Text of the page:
Energas S.A., the electricity generating joint venture enterprise operated by Sherritt in Cuba, installed a system that uses waste exhaust heat to generate steam and produce electricity (called a combined cycle generating unit) at its Varadero facility in 2003. In 2007, this unit was granted Clean Development Mechanism (CDM) status under the provisions of the Kyoto Protocol by the United Nations Framework Convention on Climate Change (UNFCCC). While the international framework containing the rules governing the CDM expired in 2012, the continuance of the CDM post-2012 has been supported through a commitment by certain regional and domestic emission-trading markets to allow entities to use certified emission reductions to meet their compliance obligations under these systems.
The Energas facilities comprise two combined cycle plants, one at Varadero with three gas turbines and one steam turbine, and the other at Boca de Jaruco with five gas turbines and one steam turbine, to produce electricity using steam generated from the waste heat captured from the gas turbines.
The Energas Varadero facility produces lower GHG emissions for each gigawatt hour (GWh) of electricity due to the conversion from open cycle to combined cycle technology, contributing to the reduction of GHG emissions in Cuba. This project involved the conversion of the existing open cycle thermal generation facility into a combined cycle facility by retrofitting the three existing gas turbines (GTs) with a heat recovery steam generator (HRSG) for generation of high-pressure steam to run a steam turbine with generation of 75 megawatt (MW) electric capacity. Apart from being environmentally friendly through the use of waste heat for power generation, this project also contributes to resource conservation.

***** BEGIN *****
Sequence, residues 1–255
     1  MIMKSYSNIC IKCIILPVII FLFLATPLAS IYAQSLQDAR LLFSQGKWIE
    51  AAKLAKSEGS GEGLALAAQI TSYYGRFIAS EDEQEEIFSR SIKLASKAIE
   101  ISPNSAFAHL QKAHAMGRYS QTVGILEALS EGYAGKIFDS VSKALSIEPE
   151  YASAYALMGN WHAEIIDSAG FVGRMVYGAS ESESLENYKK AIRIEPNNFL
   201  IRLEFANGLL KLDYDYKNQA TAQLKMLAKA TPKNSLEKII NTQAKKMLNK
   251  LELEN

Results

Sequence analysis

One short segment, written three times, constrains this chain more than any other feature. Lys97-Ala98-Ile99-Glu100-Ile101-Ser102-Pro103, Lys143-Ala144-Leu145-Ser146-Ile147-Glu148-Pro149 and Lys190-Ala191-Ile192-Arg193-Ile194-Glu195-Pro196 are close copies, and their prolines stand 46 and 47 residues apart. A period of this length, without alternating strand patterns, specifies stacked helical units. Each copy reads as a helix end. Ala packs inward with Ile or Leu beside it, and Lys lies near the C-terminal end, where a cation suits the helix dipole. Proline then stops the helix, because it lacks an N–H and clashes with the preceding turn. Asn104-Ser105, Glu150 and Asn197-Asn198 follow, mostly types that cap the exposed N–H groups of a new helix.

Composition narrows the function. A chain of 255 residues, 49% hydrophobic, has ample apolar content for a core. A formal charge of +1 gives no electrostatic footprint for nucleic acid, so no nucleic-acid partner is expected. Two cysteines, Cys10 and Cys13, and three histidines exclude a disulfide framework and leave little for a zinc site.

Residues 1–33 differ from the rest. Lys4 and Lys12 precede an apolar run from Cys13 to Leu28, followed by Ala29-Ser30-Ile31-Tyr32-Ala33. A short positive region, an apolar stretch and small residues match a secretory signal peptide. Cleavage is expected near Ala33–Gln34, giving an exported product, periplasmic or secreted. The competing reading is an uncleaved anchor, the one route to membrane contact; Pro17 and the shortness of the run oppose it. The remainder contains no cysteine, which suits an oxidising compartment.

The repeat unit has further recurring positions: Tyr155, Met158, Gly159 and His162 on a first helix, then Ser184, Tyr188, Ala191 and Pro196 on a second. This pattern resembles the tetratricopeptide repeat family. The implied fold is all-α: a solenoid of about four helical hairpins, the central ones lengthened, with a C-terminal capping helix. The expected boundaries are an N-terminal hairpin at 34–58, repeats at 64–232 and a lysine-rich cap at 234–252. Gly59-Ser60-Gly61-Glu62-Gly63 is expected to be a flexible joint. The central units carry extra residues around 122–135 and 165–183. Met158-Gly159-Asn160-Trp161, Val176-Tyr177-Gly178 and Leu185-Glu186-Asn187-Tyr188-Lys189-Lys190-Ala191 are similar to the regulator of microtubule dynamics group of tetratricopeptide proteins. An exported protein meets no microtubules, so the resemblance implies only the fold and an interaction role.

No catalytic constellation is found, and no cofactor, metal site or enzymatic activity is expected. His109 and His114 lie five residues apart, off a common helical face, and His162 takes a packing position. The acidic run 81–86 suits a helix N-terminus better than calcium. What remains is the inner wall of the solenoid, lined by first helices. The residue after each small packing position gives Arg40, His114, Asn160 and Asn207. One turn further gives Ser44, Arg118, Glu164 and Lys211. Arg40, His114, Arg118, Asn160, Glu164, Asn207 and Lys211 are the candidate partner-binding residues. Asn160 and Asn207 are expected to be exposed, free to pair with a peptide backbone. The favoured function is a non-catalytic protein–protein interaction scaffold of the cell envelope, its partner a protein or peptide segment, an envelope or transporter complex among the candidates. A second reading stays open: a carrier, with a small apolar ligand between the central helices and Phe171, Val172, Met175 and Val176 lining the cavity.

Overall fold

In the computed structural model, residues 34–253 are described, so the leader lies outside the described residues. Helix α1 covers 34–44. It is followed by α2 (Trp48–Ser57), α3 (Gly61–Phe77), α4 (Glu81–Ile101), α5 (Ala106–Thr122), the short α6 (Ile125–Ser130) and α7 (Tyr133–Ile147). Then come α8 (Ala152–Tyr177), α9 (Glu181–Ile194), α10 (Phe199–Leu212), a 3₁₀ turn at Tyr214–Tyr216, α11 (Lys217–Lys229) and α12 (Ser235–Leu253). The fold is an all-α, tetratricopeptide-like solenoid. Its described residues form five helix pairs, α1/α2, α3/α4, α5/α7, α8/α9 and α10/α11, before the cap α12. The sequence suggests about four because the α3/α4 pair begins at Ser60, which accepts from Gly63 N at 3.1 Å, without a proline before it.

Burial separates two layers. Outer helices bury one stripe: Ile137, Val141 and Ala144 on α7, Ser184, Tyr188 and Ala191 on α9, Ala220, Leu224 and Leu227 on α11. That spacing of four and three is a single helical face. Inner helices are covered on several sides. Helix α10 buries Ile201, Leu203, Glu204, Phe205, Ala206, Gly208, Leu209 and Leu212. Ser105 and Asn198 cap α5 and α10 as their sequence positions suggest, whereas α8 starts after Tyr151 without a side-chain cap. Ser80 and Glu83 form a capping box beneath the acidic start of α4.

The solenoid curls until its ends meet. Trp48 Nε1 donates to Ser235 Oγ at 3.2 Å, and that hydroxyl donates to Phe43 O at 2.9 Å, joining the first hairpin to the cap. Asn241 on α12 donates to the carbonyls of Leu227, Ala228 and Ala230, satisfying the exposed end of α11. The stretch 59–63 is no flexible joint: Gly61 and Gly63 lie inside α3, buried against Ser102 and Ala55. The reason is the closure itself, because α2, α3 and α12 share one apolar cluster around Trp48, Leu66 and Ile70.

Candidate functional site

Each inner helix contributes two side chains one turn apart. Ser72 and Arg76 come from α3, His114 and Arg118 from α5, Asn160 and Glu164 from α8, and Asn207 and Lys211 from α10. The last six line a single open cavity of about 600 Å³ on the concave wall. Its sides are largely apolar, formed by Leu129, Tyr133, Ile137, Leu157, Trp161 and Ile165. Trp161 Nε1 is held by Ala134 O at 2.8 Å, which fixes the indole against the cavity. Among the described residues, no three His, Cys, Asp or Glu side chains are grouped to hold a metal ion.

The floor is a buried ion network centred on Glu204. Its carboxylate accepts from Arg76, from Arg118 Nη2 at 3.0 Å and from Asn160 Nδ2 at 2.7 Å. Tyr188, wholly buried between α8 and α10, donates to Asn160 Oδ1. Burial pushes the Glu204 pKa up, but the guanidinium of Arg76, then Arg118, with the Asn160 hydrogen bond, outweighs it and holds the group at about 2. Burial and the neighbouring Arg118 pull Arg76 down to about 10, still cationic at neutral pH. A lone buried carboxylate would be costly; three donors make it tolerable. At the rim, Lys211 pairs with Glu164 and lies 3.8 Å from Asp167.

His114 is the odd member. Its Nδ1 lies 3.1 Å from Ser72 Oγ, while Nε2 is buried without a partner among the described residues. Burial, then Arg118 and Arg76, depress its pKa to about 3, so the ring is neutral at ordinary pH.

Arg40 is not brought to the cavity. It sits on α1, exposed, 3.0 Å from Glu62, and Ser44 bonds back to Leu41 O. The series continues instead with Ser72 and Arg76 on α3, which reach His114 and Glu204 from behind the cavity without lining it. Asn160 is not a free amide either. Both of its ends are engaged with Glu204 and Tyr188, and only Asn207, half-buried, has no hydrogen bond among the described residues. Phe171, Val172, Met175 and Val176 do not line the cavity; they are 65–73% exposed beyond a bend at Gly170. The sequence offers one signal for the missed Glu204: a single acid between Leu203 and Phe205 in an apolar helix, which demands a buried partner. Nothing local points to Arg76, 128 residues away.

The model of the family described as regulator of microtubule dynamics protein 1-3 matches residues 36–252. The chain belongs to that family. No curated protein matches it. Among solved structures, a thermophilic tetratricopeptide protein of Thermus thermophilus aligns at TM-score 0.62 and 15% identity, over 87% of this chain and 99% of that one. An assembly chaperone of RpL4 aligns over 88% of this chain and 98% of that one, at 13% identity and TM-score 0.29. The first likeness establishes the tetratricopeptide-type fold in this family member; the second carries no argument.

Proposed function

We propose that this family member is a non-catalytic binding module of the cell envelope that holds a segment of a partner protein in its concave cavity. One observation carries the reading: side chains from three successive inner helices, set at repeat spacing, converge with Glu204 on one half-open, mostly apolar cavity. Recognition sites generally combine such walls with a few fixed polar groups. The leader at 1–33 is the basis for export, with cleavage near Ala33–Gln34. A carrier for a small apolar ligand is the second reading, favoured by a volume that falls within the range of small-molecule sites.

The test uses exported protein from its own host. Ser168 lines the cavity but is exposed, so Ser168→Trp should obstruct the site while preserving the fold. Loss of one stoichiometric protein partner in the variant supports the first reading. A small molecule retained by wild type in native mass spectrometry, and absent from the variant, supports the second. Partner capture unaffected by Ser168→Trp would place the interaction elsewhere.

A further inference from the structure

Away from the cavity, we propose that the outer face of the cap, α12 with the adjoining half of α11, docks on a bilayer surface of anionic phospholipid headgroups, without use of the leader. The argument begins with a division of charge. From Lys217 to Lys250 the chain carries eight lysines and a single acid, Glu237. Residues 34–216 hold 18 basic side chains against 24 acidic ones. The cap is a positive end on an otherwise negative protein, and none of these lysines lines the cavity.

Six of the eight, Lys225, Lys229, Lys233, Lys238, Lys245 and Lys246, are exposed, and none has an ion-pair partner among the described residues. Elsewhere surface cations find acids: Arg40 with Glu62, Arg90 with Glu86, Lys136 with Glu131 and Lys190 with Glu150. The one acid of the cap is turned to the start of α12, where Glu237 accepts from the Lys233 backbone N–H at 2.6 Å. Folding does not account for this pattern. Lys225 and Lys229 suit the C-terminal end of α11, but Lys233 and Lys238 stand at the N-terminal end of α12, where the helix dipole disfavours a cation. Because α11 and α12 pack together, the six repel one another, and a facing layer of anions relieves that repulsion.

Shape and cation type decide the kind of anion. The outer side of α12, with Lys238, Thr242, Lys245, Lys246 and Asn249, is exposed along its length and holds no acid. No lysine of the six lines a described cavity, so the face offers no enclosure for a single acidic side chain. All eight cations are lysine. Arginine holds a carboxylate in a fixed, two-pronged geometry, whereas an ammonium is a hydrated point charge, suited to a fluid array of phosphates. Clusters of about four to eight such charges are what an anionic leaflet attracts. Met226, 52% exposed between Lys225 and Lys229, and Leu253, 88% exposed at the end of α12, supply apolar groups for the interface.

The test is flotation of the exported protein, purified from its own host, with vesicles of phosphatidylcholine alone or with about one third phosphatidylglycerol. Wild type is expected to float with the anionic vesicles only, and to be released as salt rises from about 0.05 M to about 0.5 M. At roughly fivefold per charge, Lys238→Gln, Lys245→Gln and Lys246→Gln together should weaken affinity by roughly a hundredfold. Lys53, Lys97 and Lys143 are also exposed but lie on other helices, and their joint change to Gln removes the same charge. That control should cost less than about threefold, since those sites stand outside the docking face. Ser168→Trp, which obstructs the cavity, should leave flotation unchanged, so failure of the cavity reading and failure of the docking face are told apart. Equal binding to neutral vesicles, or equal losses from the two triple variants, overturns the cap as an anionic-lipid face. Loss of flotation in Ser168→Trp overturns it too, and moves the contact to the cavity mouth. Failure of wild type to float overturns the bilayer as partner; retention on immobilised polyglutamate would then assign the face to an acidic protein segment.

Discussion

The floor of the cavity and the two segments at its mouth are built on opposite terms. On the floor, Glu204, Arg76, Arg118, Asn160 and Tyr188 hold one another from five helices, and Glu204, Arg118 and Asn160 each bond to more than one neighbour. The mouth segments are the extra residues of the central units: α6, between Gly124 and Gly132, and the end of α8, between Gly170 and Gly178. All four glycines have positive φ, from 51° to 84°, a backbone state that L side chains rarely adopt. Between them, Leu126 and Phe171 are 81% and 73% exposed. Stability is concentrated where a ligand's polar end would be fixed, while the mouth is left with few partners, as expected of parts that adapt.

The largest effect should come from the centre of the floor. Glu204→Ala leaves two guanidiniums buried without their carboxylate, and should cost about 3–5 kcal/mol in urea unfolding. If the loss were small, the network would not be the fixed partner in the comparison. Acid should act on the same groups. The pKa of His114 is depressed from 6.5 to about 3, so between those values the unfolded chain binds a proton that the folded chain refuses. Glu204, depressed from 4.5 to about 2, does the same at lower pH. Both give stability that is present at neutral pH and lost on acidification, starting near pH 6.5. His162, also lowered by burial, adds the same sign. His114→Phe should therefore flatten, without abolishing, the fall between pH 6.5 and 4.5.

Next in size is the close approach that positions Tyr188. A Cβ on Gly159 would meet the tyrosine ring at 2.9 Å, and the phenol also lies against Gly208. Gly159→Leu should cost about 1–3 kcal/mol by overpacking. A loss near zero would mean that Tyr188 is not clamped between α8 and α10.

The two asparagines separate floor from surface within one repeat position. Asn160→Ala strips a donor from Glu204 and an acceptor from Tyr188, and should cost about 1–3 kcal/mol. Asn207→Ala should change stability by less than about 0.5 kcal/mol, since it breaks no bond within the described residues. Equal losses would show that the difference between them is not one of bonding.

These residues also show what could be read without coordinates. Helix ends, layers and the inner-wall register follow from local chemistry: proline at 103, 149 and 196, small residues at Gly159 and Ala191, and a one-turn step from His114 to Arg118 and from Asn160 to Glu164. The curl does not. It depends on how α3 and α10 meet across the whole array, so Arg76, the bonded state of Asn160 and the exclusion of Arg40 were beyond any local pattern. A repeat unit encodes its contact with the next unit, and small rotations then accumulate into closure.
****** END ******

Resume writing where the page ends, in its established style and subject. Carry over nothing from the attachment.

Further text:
By the end of 2014, 1,533 kt of CO2 emission reductions had been documented for the Kyoto credits. Of these, only 343 kt worth of credits were issued, mainly due to delays in verification and approvals. An additional 638 kt were approved and are ready for issuance, with 185 in the approval process for future issuance. At the end of that same year, a further 367 kt, covering the reporting periods of 2012 (172 kt), 2013 (127 kt) and 2014 (67 kt), were documented on a preliminary basis.
The first Energas CDM project at Varadero was approved to receive credits over a seven-year monitoring period. To continue receiving CDM credits, Energas must apply to the UNFCCC for renewal of the Varadero facility. We will make a decision on whether to proceed with this renewal on the basis of current economics, revised processes and any benefits or drawbacks associated with the registration of our second facility that would qualify – the recently built Boca de Jaruco combined cycle power generation site.
As of 2019, OGP has 638,000 verified Certified Emission Reduction credits banked with the United Nations.